On September 20, 2017, Hurricane Maria made landfall in Puerto Rico. The Category 4 storm was the worst to hit the island in a century, leaving nearly 80% of the its 3.4 million residents without electricity and a third of them without running water. It’s estimated that between 3,000 and 5,000 people died in the wake of the destruction.

As POZ reported in “Picking Up the Pieces,” a feature published on the one-year anniversary of the storm, people with chronic conditions such as diabetes and HIV were at high risk for a series of health problems following the hurricane because they couldn’t get their meds and treatment, let alone food and water. What’s more, Puerto Rico,  a U.S. territory, has one of the highest HIV rates in the United States—about 20,300 people are living with HIV on the island.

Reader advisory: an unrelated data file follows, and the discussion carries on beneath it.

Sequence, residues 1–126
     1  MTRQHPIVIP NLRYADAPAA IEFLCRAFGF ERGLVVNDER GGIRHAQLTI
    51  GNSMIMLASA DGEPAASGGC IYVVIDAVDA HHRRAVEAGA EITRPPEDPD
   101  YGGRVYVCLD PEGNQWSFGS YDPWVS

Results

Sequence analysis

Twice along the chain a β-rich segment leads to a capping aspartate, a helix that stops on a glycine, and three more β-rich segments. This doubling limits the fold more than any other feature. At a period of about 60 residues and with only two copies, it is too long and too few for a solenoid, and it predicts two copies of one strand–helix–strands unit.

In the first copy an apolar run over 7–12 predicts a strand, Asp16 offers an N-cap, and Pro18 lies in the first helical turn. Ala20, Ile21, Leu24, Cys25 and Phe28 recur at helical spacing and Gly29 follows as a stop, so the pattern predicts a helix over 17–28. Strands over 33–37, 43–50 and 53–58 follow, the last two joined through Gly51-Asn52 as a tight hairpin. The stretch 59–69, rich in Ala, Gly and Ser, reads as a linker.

How are people living with the virus doing in 2020, three years after the storm? It turns out, the HIV population is one of the groups most affected by Hurricane Maria, reports LGBT newspaper the Washington Blade. For example, according to research by Columbia University and the University of Puerto Rico’s Medical Sciences Campus, the storm affected the ability to maintain viral suppression—the proportion of people with an undetectable viral load dipped from 71% to 65%—and the proportion of HIV-positive people with access to health services dropped 2%.

The process of rebuilding homes and infrastructure on the island has been slow, partly because of corruption within the government. People have lost jobs, and clinics have shuttered. The arrival of COVID-19 only compounded the challenges.

Anselmo Fonseca, a health and human rights advocate who operates an AIDS service organization, told the Blade that many Puerto Ricans also contend with posttraumatic stress disorder.

A glimmer of hope, as the newspaper reported, is that nongovernmental organizations in the states, including AIDS Healthcare Foundation, have stepped up to offer assistance to Puerto Ricans.

In related news, don’t miss “How HIV Communities Can Prepare for Natural Disasters.”